Fox Nixes Daily Live/Same Day TV Ratings

Fox says it will no longer release live program-plus-same day time-shifted ratings -- long a staple of measuring the health of a TV show. The decision is part of the TV network trend of pushing the business press to include viewing data from all sources.

Now Fox will only release L3 -- live program plus three days of time-shifted viewing -- L7, and multiplatform digital viewing every week.

“The same-day numbers also do not reflect how we monetize our content,” state Gary Newman and Dana Walden, co-chairmen of Fox Television Group. “Half of our TV ad inventory is sold on a C7 (average commercial ratings plus seven days of time shifted viewing) basis.”

They add: “We [also] monetize our content on digital platforms like Fox Now and Hulu and through TrueX sponsorships — none of which are included in Nielsen’s fast nationals.”



For nearly two years now, all major broadcast networks have been releasing their daily TV ratings data from Nielsen -- as well as offering projections over what those shows' viewership will be after three days, seven days and 30 days of time-shifted viewing in some cases.

During this time, TV networks have encouraged the business press to disregard live program-plus-same day time-shifted ratings, in favor of data including extended periods of time-shifting, as well as digital viewing estimates that they -- or third-party TV researchers -- release.

In response to this news, Brad Adgate, SVP, corporate research director of Horizon Media, says: “It's absolutely a sign of the future. Viewers -- especially younger viewers -- live in a nonlinear world when it comes to viewing. Other networks have in the past pointed out the growing insignificance of same-day ratings. The question remains -- how can the networks get revenue for time shifting especially past 7 days?”

Other media agency research executives, such as Brian Hughes, senior vice president of audience analysis for Magna Global USA, have said live program-plus-same day time-shifted data is still important -- especially in predicting TV shows' C3 ratings.

The average commercial ratings plus three days of time-shifted viewing data is still crucial for TV advertisers when contracting with TV networks for their media buys. The problem with C3 data is that it is released about every two weeks.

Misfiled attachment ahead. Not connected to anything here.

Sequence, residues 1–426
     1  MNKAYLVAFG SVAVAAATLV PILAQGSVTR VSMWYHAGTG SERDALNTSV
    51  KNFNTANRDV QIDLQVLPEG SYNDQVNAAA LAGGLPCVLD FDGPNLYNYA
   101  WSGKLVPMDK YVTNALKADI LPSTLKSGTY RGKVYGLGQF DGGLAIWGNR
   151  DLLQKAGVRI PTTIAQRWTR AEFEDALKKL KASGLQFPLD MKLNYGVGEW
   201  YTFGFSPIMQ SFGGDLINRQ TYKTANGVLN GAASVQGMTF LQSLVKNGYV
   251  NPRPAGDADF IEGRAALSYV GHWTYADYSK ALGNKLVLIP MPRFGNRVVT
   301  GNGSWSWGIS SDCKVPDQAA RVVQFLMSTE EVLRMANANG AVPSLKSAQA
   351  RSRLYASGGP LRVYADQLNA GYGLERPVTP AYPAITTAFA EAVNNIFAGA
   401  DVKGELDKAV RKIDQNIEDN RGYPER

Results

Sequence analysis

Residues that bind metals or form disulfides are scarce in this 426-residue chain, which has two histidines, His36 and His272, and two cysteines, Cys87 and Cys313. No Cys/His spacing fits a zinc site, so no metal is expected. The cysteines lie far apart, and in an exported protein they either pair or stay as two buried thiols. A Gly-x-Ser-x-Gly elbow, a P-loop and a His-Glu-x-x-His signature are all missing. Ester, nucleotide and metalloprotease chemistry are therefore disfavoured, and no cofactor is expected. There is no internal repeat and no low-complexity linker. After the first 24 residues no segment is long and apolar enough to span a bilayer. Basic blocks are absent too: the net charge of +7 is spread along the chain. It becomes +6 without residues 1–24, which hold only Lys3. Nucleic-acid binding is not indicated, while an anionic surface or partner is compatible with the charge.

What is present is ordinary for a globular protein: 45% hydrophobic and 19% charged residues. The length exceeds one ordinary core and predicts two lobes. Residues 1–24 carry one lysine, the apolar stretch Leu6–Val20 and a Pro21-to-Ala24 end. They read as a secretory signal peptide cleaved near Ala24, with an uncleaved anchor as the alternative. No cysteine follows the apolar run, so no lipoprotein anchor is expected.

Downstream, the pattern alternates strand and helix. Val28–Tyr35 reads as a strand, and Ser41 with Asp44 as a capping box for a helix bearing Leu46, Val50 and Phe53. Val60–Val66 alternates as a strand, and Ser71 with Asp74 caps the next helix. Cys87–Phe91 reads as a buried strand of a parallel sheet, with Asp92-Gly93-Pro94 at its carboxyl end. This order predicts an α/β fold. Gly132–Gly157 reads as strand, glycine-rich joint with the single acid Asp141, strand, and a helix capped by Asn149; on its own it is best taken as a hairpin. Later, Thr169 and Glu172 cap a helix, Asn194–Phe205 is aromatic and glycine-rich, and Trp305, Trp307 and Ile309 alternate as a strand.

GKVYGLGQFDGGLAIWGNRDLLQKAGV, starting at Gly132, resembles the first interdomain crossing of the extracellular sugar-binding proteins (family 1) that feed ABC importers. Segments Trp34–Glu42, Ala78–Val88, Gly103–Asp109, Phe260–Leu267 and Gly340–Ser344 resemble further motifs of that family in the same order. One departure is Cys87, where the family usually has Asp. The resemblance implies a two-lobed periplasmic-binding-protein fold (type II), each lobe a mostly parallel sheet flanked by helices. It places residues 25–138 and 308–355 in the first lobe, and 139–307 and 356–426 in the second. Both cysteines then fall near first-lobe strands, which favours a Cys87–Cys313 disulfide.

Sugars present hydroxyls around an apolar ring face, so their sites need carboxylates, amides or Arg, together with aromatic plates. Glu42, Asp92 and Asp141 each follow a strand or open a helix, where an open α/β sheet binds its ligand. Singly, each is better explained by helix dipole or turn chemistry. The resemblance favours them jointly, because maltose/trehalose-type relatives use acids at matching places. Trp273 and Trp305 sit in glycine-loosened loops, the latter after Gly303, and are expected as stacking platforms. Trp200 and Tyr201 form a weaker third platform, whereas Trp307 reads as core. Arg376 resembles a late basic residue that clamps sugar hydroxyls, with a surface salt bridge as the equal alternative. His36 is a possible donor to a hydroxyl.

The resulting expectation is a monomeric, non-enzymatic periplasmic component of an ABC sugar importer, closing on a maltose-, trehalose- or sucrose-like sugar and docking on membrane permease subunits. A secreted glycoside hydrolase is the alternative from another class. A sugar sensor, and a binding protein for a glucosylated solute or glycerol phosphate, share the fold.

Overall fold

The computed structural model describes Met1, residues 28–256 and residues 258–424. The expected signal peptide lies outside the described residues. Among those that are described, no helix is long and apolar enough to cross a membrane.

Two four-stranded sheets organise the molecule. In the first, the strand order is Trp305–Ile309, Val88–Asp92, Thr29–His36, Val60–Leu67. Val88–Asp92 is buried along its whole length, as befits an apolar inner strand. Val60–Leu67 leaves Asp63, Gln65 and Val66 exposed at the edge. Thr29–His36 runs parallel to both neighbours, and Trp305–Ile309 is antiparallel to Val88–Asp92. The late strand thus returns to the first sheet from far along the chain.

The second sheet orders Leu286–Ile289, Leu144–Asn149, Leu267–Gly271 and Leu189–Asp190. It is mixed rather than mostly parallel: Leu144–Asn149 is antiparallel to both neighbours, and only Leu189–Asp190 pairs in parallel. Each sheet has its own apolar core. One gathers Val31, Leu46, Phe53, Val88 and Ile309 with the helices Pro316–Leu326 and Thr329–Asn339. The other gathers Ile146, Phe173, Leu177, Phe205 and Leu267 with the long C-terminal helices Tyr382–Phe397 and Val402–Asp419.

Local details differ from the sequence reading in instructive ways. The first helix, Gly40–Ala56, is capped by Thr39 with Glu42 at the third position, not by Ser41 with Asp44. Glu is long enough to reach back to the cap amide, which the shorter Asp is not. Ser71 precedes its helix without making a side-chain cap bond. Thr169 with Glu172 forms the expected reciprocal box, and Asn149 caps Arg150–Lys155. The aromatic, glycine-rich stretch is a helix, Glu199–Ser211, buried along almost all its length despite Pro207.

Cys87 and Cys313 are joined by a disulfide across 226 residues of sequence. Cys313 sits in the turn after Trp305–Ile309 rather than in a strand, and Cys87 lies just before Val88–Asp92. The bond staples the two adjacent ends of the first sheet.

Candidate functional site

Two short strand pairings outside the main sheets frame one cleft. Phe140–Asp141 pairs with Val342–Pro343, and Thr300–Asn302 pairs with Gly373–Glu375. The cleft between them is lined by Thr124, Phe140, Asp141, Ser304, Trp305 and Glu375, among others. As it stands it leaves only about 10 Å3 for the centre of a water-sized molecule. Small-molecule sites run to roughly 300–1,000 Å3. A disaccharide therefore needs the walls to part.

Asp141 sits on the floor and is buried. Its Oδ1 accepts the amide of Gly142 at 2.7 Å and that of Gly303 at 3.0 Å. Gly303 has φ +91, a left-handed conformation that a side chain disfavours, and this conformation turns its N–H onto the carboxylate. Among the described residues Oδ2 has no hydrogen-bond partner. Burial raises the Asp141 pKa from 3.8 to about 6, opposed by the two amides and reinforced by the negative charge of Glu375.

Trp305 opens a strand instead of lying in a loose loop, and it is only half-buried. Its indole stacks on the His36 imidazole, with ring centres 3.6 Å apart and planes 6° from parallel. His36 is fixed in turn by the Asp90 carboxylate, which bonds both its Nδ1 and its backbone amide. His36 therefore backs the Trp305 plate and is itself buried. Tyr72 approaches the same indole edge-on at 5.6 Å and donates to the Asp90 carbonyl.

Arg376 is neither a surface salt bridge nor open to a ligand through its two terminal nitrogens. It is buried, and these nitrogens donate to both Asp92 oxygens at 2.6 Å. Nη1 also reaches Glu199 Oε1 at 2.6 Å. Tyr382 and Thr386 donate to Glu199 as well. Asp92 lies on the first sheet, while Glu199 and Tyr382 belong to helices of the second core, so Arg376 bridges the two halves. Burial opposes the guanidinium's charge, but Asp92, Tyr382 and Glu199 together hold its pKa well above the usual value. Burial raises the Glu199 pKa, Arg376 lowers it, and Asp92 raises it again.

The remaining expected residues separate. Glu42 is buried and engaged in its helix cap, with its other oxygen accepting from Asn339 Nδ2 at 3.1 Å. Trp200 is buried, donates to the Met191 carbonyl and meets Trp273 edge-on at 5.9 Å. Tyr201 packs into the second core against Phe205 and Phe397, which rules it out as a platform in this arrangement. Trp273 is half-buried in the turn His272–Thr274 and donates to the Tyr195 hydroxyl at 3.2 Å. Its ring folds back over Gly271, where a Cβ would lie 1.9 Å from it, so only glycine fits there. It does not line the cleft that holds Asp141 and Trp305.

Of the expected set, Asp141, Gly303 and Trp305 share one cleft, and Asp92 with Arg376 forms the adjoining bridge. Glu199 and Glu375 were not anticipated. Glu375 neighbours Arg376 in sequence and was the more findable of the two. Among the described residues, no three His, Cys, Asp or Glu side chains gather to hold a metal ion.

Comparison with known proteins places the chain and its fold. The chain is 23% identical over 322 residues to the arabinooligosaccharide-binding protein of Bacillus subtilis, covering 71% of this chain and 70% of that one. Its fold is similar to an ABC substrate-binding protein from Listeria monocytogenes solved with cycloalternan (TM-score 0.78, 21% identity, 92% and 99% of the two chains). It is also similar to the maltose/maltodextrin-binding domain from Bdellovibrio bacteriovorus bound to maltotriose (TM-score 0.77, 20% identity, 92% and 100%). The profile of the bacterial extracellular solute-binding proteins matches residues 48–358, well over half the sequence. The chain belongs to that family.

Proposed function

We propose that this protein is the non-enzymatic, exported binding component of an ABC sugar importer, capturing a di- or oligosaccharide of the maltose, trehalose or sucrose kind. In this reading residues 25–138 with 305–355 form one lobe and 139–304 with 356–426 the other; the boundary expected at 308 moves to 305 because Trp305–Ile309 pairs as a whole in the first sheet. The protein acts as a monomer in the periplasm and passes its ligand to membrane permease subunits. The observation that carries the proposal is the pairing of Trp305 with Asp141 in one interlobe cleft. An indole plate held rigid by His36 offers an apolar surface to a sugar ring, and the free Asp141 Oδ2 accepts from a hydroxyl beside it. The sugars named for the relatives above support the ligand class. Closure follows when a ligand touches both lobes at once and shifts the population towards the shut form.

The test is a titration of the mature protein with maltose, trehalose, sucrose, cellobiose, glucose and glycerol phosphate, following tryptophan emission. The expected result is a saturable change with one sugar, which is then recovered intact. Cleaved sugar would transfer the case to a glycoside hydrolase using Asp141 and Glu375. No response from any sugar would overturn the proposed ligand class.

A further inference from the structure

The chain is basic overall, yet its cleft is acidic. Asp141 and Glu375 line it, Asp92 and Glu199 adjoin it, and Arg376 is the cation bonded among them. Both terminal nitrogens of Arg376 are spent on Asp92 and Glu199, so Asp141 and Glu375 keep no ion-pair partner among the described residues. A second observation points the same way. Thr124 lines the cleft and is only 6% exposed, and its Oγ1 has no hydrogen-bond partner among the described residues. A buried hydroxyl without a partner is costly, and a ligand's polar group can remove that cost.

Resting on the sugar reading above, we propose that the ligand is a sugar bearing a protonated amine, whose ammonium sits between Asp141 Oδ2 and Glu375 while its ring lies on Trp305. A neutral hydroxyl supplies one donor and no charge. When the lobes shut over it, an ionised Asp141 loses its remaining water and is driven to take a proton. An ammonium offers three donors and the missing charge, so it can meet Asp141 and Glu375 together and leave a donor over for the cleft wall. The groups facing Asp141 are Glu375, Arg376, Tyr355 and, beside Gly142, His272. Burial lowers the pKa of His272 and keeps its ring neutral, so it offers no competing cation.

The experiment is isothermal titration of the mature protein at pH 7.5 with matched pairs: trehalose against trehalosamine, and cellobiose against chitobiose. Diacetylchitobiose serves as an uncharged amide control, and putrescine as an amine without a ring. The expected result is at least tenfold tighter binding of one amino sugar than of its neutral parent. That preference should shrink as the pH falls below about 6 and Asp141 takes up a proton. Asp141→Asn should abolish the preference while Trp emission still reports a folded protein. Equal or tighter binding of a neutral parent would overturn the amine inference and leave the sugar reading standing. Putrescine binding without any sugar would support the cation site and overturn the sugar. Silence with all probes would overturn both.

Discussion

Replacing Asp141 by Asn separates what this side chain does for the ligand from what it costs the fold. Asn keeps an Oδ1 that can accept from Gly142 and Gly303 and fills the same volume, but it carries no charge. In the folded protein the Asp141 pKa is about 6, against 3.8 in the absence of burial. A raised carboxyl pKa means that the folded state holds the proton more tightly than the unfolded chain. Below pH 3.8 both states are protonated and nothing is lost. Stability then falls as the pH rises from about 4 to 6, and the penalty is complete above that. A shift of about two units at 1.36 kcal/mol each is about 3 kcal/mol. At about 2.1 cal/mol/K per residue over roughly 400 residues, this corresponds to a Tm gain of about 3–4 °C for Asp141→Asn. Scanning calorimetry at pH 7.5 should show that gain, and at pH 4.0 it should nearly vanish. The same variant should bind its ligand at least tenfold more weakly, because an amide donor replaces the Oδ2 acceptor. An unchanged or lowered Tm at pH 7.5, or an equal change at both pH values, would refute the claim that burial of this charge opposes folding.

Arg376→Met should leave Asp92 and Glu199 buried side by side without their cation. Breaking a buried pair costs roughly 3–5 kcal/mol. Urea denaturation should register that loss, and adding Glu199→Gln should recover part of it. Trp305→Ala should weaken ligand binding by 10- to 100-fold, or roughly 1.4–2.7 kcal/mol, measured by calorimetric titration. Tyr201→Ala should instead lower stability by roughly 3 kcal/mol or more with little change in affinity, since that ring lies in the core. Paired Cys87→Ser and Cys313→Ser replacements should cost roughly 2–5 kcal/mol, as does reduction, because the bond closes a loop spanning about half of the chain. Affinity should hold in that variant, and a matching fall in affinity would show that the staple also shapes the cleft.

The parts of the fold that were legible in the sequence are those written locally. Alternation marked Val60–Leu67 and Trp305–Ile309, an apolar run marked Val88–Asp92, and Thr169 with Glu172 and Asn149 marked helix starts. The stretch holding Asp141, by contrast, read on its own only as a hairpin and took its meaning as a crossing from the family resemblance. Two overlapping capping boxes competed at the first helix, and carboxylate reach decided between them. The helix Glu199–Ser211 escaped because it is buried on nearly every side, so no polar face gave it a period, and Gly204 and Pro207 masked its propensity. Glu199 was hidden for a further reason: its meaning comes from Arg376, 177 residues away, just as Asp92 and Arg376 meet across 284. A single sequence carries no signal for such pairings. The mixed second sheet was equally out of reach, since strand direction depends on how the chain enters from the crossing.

Fox executives Walden and Newman also say that “more than one-third of viewing by people aged 18-49 is done outside the same-day window -- and that’s just over seven days. Fox has seven shows on the air that double (or more than double) their same-day audience across platforms this season.”

1 comment about "Fox Nixes Daily Live/Same Day TV Ratings".
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  1. Ed Papazian from Media Dynamics, November 30, 2015 at 11:04 a.m.

    The TV networks and other ad time sellers are perfectly justified in trying to monetize all of their viewers, regardless of how and where they are attained.

    Neverhteless, some questions remain to be dealt with.

    It has always been accepted that magazine pass-along readers have value----even if reached at beauty shops, the workplace or another's home, and many months after publication. The only question has been the extent to which such pass- along readers are reached by ads as many are  casual readers who spend less time with the copies. Surveys have shown that ad recall is 15-25% lower for pass-along readers than their "primary audience"---mainly subscriber---counterparts.

    Similar concerns should apply to TV. When a primetime episode "viewer" is reached in an out-of-home venue or via a digital platform, regardless of location, can we be sure that this "viewer" is actually "watching" to the same extent as in-home audiences? What evidence is there to support this premise? The only thing we have seen are MRI's findings on audience attentiveness claims for in-home vs. away- from- home viewing which show much lower engagement levels for away-from-home. Shouldn't this matter be investigated, particularly as it bears on commercial exposure and recall, before all of the "viewers" are lumped together as if they are reached equally well?

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